Sound Byte: Meet the Composer of Dark Souls
Veteran Japanese role-playing game composer Motoi Sakuraba tackles the musical challenge that is Dark Souls.
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Dark Souls has a lot to live up to, given that it's the spiritual successor to Demon's Souls, GameSpot's Game of the Year in 2009. The game is even bigger than the first, set in a world where you can easily immerse yourself. Sure the game is difficult, but the reward and the feeling of satisfaction are worth the risk. The adventure wouldn't be as tense and exciting if it weren't for a great sound design and musical score. Find out how composer Motoi Sakuraba approached the daunting task of creating the music for Dark Souls.
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GameSpot: Could you tell me a bit about yourself and your role on the project?
Motoi Sakuraba: Hello. My name is Motoi Sakuraba. I am responsible for music creation and editing.
GS: What is your musical background?
MS: I used to be in a hard rock band playing organ covering famous music. Then I made a band of keyboard, drum, and bass playing original songs. I was playing as a keyboard. Then I went into the game music industry.
GS: You've worked on a lot of Japanese role-playing games with very memorable soundtracks. How are you approaching the music of Dark Souls? Is it similar to or different from what you're used to?
MS: This was my first time to make music for this kind of atmosphere. So I had close communication with the game's producer to compose the best fit music for Dark Souls. There were many trials and errors in terms of music creation for Dark Souls.
GS: Could you tell us about the style of music?
MS: Since I am very bad at analyzing myself, my answer here might be very vague. But I have never learned how to compose music. Thus, I do not know much about classic music nor names of songs overall. I studied composing music just by myself.
GS: How did you originally get started working in video games?
MS: I sent my demo tape to a game publisher that was offering the position of music composer. That is how I entered the game industry.
GS: What are some of the challenges you face when doing the audio for a game?
MS: The challenge is not to break the game atmosphere with my music.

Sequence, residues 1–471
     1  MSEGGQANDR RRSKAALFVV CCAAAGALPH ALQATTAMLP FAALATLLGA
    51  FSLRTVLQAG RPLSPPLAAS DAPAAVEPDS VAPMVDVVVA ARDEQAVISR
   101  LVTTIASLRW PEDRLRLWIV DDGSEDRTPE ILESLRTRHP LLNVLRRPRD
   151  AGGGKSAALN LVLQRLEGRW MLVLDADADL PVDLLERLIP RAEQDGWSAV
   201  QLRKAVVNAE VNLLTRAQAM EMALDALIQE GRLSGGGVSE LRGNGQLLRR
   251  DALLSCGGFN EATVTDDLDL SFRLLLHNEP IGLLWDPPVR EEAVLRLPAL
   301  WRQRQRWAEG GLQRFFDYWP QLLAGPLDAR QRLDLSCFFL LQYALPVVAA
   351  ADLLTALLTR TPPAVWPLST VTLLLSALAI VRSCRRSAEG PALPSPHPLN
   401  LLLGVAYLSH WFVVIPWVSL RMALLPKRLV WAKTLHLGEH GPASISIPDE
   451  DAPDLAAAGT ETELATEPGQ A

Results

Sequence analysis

GS: How do you prevent that from happening?
MS: First of all, I choose appropriate musical instruments and sounds for the game. Then I start composing music based on the graphic design and the content of the game. If I have any problem in terms of music direction, I always communicate with the game's producer.
GS: As a composer, what is the most important thing when it comes to working on a game like Dark Souls?
MS: It is important to create memorable phrase with unique sounds. This time, it is the chorus.
GS: What is your process when coming up with a track for a game?
MS: I use soft synthesizer to quickly compose music. Then I will record phrase by using real instruments to replace with the synthesizer. This time, I recorded strings, brass, chorus, percussion-solo-vocal, harp, and piano to be replaced.
GS: What are the strangest things that you have done to get the sound that you want?
MS: I have done some weird things to get a sound before. But this time, I used a Leslie speaker unit, which is exclusively designed for organ to record drum sounds.
GS: What kind of research do you need to do for your work?
MS: I do not make any research.
GS: Do you work closely with the audio and sound design team as well? Or do they function separately?
MS: I make/edit music just by myself.
GS: How has video game music evolved since you initially started working in the industry?
MS: When I first started in the game industry, I could use only PSG and FM. Thus, there were many extra amounts of work to do compared to composing regular music. But now, the process of making game music has become exactly the same as the one for making regular music. Even though the amount of time I would need to spend for making music is a lot longer, the stress I feel for doing my work is much less.
GS: Where do you see video game music heading in the future?
MS: I would assume the music will have more links to visual designs.
GS: What kind of advice do you have for aspiring composers?
MS: If you decide to make music, you have to complete making the music from the beginning to the end by yourself. Also, always play an instrument you like and try to record it. But the most important element is love/passion toward music. That's all.
GS: Thank you for your time.
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